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Archive for the "Assistive Technology" Topic

Retailers, Take Note: Putting a Price Tag on Lack of Digital Accessibility

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The Click-Away Pound Survey studied online shopping in the United Kingdom by customers with disabilities. The 2016 report revealed some startling numbers: 71% of disabled shoppers will click away from your website if it is too difficult to use. The majority (81%) of these consumers will pay more money for the same item on a competitor’s website if that site is more accessible. These “click-away” customers accounted for around 10% of UK online shopping revenue in 2016—roughly £75 billion in the UK alone. Bringing your websites and apps into compliance with the Web Content Accessibility Guidelines (WCAG) 2.0 is the… Read More

FCC Accessible Communications Regulations – Legal Update Webinar Q & A

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In Tuesday’s webinar, Maria Browne from Davis Wright Tremaine outlined the requirements of the 21st Century Communications & Video Accessibility Act (CVAA), the Communications Act, and their impact on accessibility. This post contains Maria’s responses to audience questions posed during and after the presentation. Webinar Q & A Q: Does the Netflix lawsuit apply only to Netflix-created content or to all content Netflix hosts/shows? //MB: Plaintiffs alleged that Netflix violated Title III of the ADA by failing to provide equal access to its on-demand video streaming website, “Watch Instantly.”  Plaintiffs alleged that Netflix provided closed captioning for only a small percentage of the titles available on its website, and… Read More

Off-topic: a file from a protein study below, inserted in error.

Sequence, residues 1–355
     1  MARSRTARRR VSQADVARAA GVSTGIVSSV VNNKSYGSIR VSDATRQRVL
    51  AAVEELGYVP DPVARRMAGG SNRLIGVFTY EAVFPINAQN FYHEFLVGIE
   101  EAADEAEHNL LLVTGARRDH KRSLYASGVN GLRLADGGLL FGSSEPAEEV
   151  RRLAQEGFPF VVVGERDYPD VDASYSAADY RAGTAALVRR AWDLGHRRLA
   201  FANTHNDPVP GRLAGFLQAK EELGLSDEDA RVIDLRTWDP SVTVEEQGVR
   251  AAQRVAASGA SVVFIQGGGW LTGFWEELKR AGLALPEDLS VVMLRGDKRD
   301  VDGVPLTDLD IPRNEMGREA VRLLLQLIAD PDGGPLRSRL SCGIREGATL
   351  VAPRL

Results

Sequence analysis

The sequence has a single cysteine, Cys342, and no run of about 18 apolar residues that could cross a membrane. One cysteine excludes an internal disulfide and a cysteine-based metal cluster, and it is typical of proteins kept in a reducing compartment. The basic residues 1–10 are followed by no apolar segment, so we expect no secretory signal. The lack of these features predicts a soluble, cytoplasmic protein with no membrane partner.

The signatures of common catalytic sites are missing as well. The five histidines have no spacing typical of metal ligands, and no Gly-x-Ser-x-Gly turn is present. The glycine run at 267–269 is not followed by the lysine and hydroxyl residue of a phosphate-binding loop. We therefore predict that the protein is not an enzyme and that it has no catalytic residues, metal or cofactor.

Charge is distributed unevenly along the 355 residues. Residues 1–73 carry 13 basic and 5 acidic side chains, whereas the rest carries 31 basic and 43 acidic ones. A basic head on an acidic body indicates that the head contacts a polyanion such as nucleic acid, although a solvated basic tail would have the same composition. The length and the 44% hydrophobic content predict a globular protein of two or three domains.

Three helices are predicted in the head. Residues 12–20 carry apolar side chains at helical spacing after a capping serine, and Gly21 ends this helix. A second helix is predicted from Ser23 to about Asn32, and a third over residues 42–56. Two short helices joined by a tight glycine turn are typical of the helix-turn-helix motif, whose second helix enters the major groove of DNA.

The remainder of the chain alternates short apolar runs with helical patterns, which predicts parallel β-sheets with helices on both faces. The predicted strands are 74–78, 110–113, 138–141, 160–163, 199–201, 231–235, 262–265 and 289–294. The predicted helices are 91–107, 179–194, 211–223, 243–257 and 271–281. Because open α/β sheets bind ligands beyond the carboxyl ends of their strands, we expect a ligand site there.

Assistive Technology for Users with Mobility Disabilities: Android Switch Access

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Welcome to the final post in this short series on assistive technology for users with mobility disabilities. Today, we focus on Android Switch Access. For the previous posts, please follow these links for “Computer and Mobile Phone Access for People with Mobility Disabilities” and “Assistive Technology for Users with Mobility Disabilities: iOS Switch Control.” Android’s Switch Access (Android 5 and higher) can be used with a variety of Bluetooth switches and Bluetooth keyboards. This accessibility feature allows people with significant motor disabilities to operate the device without using the touchscreen. The Android Switch Access’s purpose is to provide input and access to interactive… Read More

ARIA Widget Checklist: For Screen Reader Testing

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Introduction One of the most significant challenges with ARIA support is determining support level differences between assistive technology and browser combinations, and doing so in a structured manner so that bugs can be accurately and reliably submitted to AT venders so that these support levels can steadily increase equally. However there are still significant discrepancies between valid ARIA usage and what is supported between specific screen readers and browser combinations, so there is immense benefit for such screen reader venders to get on the same page and test these assistive technologies more thoroughly and to also involve the public for… Read More

Assistive Technology for Users with Mobility Disabilities: iOS Switch Control

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The iOS Switch Control accessibility feature is built-in to iOS and can be used with a variety of Bluetooth switches, Bluetooth keyboards, and the iOS device’s screen. This accessibility feature allows people with significant motor disabilities to operate their iOS device. The iOS Switch Control has two modes that the user can use: item scanning and point scanning. Item scanning scans through all the elements on the page. Sometimes elements are grouped together (for example: a drop-down menu), and by selecting the group of elements, the scan mode will drill down and start scanning the individual elements in that group…. Read More